April 8, 2005
NEW YORK - The funeral of Pope John Paul II was both a solemn ritual and a news event - and television networks that brought it live into American homes hours before the sun rose struggled to reconcile the two.
The main broadcast and news networks all had live coverage of the funeral from Rome, its end marking the transition for many Catholics from mourning the pope to the question of who will succeed him.
"This Mass is about to begin," CBS anchor Harry Smith said at the outset. "We're going to try to stay as much out of it as possible."
Yet it often proved impossible, and that seemed most evident on CBS and ABC, both network news divisions in the midst of their own transitions. Dan Rather was absent, having stepped down as CBS's chief anchor last month, and so was ABC's Peter Jennings, stricken with lung cancer.
What was missed most was their experience in knowing when to interject information and observations and when to step aside, a seemingly effortless skill that's anything but.
The networks all employed translators to cover a Mass celebrated mostly in Italian, but were inconsistent in how often they were used. And some appeared completely flummoxed at times when other languages were used.
"We have translators for Latin and Italian," ABC's Charles Gibson said. "Other languages you have to fend for yourselves."
On CBS, Smith and his sidekick, the Rev. Paul Robichaud, were often left hurriedly reading translations themselves and commenting upon what viewers had just seen.
Gibson and commentator Cokie Roberts, while both experienced broadcasters, were new to their roles and the network was most aggressive in interrupting the Mass to talk about other issues. Robert was left to explain one part of the Mass missed when ABC was showing scenes from Poland. ABC also talked over the litany of the saints, a moment of haunting beauty.
Networks had so much expertise on hand they sometimes couldn't resist using it, even when their observations added little. "I sense both the presence and absence of Pope John Paul II," Notre Dame professor Scott Appleby said on ABC.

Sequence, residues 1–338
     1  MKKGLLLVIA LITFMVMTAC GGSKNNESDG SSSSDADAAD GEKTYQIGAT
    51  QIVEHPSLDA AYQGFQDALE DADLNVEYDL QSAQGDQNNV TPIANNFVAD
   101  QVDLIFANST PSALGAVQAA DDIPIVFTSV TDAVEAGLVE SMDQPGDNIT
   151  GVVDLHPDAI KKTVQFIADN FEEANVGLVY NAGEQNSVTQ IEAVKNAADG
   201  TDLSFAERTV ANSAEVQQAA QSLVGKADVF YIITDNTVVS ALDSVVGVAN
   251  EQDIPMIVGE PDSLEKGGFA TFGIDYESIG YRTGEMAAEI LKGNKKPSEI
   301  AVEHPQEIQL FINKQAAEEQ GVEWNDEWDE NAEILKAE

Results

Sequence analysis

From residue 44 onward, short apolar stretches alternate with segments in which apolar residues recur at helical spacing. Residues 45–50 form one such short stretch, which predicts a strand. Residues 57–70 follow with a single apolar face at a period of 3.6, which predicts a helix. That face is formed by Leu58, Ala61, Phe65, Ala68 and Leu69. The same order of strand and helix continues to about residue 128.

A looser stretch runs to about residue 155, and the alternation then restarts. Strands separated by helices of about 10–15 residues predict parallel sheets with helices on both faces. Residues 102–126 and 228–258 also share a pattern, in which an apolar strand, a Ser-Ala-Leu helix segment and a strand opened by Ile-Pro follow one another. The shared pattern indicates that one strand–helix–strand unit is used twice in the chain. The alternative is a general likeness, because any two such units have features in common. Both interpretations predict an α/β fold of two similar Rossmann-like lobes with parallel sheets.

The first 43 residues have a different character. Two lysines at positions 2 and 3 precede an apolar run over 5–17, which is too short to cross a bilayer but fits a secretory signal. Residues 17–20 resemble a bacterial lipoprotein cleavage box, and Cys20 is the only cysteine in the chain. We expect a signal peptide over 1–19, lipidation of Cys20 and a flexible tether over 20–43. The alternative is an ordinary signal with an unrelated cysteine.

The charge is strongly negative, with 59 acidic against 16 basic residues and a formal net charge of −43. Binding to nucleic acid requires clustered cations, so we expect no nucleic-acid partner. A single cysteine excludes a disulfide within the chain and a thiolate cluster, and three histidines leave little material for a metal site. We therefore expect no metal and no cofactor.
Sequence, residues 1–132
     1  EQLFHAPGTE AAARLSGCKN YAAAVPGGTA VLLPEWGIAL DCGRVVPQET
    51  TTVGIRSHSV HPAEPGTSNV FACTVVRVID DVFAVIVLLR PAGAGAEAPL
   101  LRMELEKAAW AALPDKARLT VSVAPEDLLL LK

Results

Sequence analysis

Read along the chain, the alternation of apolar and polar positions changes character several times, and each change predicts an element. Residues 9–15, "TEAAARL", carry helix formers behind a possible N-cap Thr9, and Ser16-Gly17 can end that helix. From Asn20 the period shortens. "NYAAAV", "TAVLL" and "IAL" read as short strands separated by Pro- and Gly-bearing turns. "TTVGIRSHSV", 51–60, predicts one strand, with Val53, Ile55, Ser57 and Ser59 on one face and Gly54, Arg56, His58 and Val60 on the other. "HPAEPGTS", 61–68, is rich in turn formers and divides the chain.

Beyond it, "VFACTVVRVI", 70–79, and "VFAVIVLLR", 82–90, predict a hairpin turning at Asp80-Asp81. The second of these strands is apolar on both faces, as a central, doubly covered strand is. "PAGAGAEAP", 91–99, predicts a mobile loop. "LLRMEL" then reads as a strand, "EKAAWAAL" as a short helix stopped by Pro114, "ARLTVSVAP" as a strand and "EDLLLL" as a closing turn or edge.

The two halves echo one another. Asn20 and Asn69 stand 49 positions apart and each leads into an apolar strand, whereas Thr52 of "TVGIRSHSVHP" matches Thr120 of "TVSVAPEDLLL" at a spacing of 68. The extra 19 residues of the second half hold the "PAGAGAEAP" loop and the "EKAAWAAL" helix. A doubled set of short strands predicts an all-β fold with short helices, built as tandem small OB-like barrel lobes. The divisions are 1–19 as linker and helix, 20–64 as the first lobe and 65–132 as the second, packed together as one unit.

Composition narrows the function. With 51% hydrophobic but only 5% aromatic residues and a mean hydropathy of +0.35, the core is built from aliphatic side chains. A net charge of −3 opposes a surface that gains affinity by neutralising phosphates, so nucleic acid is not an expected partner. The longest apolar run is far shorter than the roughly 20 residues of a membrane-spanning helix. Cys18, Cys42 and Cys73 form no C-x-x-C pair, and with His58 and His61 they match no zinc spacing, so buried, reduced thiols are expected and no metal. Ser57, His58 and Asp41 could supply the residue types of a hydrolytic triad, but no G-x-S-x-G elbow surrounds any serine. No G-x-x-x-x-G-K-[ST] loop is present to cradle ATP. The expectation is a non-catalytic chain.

NBC's Katie Couric also couldn't resist talking about NATO warplanes during the litany of the saints. But, in general, NBC and the cable news networks - outlets often used to a torrent of words - showed more restraint and willingness to let the events unfold.
Fox News Channel helpfully used graphics to detail the hymns and readings during the Mass. The network also removed the fluttering American flag graphic that's usually a fixture in the upper left-hand corner of its screen.
Both CNN and CBS saw symbolism in a brisk wind closing the pages of the book of the Gospel that had been placed on the top of the pope's simple wooden coffin.
Although NBC's Brian Williams, who teamed with Couric, only replaced Tom Brokaw in December, the NBC team seemed the most experienced in their roles. Often, it meant only simple touches: when Williams explained to non-Catholics what is said when priests distribute communion.
All of the networks adeptly noted the waves of applause throughout the Mass, uncommon to funerals but a mark of how people felt about the late pope.
"They came all the way to say goodbye," Williams said, "and they don't want to say goodbye."
The funeral also was available online. Yahoo! streamed the funeral service live, with a link from their homepage. The feed originated from Associated Press Television News's live channel.
The Mass wasn't even over - hundreds of priests were distributing communion - when ABC was already foreshadowing the next event. Bill Blakemore noted that somewhere, within the group of cardinals seated at the funeral, was the next pope.
ABC showed graphics of the Sistine Chapel to explain how the concave of cardinals will select John Paul II's successor, starting April 18.